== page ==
For cutting and shaping the Fuji Film canister lids, I experimented using both my Olfa packing knife and one of my Excel scalpels  . The Olfa packing knife quickly proved to be unsuitable…the blade size is too big and the chance of cutting into oneself while using it is quite high. The scalpel was far more appropriate, allowing for a good grip and fine blade control.

I experimented with cutting the lid from the topside and the underside. Cutting from the underside was better: . The purpose is to cut away the excess outer ring so that only the inner raised section or cup is retained…you should end up after the first stage of cutting with something looking like this: . The second stage involves refining the cut area, so that it is rounder and on an angle, not perpendicular to the surface it’s going to be stuck to. Here’s a finished one: .

With that complete, it’s time to prepare the tree armatures by shaping them to a shape you want and cut the trunks to the height you want. I kept some of the original shapes; I reshaped some of the others to other shapes; I cut some right back so that they would look like young trees and I also cut away all branches on one angle to make it look like that side of the tree was dying and had already dropped its limbs.  I used side cutters for all this shaping: .

Then I cut the trunks to a range of shorter heights: .

I had already pre-cut the sheet styrene I was going to use as the final bases. These are roughly 50mm x 50mm.

I made two small incisions in an ‘x’ shape in each cannister lid (a cross incision) and got the glue ready.

The last stage was to insert the tree armature into the ‘x’/cross incision in the lid, press the armature & lid combination against the sheet styrene base to make sure the bottom of the armature and the bottom of the lid were equal, and glue it all in place. One lot of glue went on the end of the armature so it whould adhere to the sheet styre, a second lot of glue went on the lid so it would adhere to the sheet styrene, and a third and final lot of glue went on where the armature is anchored in the cross incision in the lid: .

Once they are all cured/dried, I tested them – if something hadn’t glued together properly, I redid it.

The armatures are based and ready for foliage. That’s going to be the next few posts…

I’m going to sidestep the StuG IIIs I’m working on (yet again!) to discuss an aspect of the hobby that I really enjoy – terrain.

In a collection of eBay purchases from over a year ago, a number of plastic tree armatures were included. I have avoided them whilst I have been building up the numbers of my AFVs and also trying to work out how best to use Hob-e-tac, which is needed to affix foliage to tree armatures. The last experiment was in October – you can catch up on it here. During Easter I found Iwas ready to continue my efforts with both of these aspects, Hob-e-tac and making trees.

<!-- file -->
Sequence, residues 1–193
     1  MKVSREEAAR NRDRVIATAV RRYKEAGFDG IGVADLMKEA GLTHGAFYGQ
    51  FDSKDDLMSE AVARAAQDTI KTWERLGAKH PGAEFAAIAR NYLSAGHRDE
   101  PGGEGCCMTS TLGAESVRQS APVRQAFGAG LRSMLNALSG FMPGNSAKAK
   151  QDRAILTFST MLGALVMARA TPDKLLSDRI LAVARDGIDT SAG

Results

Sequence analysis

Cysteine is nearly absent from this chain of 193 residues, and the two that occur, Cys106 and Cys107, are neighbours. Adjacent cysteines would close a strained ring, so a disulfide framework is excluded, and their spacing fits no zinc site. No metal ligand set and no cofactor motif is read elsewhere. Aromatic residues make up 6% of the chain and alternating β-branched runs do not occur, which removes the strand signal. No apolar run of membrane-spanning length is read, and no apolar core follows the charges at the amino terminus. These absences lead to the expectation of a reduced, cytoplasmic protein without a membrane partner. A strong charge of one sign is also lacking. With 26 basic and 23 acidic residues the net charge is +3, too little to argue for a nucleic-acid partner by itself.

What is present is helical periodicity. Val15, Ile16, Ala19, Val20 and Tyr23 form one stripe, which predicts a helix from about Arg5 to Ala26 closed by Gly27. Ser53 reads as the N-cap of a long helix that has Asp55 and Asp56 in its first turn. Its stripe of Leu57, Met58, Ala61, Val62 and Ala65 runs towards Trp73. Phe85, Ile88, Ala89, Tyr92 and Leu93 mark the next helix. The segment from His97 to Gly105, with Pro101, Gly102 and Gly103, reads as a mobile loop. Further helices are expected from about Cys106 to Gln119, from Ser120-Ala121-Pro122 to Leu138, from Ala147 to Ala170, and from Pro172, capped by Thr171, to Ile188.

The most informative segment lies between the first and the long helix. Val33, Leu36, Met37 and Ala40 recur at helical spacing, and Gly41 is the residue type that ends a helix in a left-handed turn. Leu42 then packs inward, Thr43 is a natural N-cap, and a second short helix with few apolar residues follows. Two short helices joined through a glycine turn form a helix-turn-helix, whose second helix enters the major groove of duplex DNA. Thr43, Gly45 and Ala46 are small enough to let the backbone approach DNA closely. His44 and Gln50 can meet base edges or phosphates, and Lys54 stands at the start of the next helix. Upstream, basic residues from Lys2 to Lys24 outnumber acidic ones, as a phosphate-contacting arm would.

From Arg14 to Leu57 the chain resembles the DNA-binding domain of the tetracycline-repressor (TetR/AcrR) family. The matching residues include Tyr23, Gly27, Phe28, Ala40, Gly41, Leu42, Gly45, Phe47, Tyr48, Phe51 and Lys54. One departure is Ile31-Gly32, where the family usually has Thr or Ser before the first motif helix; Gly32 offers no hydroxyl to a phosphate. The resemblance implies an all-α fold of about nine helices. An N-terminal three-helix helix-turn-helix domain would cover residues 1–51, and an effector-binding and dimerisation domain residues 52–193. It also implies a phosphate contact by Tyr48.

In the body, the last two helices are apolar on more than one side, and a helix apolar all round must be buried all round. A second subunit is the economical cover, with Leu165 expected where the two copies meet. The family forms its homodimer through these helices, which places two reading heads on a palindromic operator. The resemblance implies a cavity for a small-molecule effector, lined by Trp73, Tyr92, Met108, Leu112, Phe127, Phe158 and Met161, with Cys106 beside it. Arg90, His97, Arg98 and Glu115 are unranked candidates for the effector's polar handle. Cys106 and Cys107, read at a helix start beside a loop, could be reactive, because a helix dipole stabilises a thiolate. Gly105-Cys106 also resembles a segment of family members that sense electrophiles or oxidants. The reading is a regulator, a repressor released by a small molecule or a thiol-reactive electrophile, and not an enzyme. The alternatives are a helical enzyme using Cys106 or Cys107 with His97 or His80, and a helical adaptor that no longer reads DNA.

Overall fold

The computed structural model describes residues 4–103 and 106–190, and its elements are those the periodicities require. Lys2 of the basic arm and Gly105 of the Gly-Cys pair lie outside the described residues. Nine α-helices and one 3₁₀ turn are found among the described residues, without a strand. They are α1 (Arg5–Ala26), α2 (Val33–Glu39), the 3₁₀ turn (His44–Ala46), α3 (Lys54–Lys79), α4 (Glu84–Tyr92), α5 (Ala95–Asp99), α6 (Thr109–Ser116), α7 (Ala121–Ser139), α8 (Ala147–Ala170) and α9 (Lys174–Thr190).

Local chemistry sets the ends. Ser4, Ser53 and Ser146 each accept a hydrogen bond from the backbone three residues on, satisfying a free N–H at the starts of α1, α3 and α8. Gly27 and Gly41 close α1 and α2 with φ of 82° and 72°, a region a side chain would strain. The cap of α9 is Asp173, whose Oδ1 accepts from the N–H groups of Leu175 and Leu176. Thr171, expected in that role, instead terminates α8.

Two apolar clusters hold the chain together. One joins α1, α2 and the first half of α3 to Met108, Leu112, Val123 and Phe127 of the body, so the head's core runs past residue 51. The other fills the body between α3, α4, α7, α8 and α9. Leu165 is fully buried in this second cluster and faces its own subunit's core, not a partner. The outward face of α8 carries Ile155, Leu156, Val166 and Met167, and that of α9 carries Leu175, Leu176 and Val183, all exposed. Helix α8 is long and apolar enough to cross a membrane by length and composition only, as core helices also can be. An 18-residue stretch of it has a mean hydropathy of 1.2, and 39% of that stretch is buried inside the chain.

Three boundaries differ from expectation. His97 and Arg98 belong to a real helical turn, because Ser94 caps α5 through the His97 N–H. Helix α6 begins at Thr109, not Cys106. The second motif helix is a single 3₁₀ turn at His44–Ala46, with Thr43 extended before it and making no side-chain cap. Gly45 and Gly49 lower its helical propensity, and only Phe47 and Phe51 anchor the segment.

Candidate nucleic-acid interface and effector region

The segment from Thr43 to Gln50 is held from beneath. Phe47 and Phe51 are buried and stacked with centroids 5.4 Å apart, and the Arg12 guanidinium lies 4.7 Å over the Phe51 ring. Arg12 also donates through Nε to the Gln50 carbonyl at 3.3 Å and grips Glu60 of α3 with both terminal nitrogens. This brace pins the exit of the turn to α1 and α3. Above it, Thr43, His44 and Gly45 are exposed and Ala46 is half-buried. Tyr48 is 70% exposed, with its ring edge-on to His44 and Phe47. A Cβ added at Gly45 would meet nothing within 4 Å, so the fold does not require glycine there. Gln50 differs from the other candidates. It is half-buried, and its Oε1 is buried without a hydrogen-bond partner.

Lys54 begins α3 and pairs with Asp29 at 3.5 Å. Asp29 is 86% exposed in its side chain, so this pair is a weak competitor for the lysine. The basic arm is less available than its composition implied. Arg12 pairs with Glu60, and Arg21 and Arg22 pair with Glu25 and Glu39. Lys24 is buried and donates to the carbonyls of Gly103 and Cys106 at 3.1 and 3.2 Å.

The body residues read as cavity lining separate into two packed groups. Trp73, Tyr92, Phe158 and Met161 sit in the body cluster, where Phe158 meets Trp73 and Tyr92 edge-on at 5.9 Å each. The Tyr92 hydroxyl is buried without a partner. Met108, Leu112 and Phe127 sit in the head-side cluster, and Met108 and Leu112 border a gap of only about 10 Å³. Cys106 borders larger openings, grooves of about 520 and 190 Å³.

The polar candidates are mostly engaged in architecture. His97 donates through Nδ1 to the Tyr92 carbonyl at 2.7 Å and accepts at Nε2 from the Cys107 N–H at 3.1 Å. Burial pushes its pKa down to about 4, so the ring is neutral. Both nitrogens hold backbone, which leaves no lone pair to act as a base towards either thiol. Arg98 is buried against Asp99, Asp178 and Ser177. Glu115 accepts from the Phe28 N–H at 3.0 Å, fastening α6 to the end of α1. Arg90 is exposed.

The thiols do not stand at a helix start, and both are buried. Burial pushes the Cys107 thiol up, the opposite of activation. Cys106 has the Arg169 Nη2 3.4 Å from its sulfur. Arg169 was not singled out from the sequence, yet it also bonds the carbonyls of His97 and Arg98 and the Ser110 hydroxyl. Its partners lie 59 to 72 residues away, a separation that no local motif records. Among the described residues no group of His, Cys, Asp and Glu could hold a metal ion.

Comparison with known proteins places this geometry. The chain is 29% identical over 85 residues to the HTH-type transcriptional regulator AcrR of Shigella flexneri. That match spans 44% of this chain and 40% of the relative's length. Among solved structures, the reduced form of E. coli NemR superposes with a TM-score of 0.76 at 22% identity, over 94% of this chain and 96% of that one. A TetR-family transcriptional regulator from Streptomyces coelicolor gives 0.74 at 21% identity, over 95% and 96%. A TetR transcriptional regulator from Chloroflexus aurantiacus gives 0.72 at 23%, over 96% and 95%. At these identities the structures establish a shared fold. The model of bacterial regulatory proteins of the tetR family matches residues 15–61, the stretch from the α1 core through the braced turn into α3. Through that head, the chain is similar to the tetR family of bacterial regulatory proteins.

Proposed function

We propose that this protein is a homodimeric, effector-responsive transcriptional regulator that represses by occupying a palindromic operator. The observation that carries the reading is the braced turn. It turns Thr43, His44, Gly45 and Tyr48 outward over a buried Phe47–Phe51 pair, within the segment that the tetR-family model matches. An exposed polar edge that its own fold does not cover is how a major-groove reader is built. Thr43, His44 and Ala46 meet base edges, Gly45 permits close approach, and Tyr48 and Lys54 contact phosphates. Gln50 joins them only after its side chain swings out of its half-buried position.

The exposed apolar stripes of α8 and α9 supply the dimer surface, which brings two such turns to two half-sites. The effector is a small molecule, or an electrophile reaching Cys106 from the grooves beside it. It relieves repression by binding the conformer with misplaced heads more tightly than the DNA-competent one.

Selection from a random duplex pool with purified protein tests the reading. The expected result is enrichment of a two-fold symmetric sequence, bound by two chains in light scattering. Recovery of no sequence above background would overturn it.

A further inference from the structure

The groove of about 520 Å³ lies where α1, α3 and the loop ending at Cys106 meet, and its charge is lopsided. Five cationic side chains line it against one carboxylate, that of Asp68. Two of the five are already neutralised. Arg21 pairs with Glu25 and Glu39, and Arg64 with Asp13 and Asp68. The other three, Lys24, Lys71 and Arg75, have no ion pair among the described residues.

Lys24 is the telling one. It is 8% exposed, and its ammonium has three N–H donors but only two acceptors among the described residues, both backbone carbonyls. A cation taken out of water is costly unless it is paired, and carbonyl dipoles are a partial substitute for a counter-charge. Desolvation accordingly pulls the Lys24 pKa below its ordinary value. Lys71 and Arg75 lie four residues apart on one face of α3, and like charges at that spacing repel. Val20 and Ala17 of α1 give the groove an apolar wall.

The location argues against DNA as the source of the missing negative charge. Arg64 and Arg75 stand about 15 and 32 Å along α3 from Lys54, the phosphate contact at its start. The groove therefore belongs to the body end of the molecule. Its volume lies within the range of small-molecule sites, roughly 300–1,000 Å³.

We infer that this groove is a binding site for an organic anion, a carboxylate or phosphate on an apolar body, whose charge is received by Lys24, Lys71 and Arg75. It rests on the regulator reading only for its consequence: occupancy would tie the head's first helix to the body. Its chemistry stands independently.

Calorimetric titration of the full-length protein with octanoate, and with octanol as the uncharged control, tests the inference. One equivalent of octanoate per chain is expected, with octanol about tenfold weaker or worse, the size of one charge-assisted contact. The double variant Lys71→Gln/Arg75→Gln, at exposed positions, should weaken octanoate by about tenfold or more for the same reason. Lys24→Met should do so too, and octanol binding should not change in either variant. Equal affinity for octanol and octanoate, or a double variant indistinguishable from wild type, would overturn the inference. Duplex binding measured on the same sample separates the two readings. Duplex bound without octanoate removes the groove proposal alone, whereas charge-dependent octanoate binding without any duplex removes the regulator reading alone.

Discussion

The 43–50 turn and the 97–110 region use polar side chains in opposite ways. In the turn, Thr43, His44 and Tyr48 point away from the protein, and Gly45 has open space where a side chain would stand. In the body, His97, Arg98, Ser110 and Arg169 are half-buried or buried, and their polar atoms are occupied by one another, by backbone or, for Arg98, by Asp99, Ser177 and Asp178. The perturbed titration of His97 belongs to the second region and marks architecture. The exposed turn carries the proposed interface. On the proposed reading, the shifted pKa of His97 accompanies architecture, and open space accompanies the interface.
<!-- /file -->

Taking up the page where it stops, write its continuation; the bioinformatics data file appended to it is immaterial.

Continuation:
The first problem to be dealt with was that the armatures have no bases. They end in thin plastic spikes, as they are meant to be simply stuck into polystyrene and left there…they are for model railroad dioramas, not for wargaming. Here’s what they look like:  . Instead,I need them stuck onto some sort of a small flat base so they stand by themselves and be boxed up for easy transportation.

I mentioned last year that I saw a great way to do this – Tim over at Tim’s Wargaming Stuff had a great demo about how he solved an almost identical problem, using GW ‘slotta’ bases. He took leftover ‘slotta’ bases, drilled holes in them, stuck the tree trunks through the holes  and then fixed everything in place with some glue. Simple and effective! The difference for me is that I’m working with 20mm or 25mm scale trees – Tim was working with 10mm scale trees. I needed some sort of bigger substitute for ‘slotta’ bases.

The answer was closer at hand than I thought. I collect unwanted film canisters from film development centres as they have a number of modelling applications:  . I decided to experiment using the two main types, which are Kodak and Fuji Film. I commenced by cutting holes through the grey lids of the black Kodak canisters:   . I then stuck the tree armature trunks into them to see how well they would stand.

I then did the same with the Fuji Film canister lids:  .

When compared side by side   the Fuji Film lids seemed to be the better choice. They had a smaller raised section which, when glued onto a sheet styrene base, would look less obtrusive or could be disguised more effectively. The Kodak lids would suffice but look a little more odd.

I had plenty of both and so gathered all the Fuji Film lids and prepared to cut and shape them all to the task.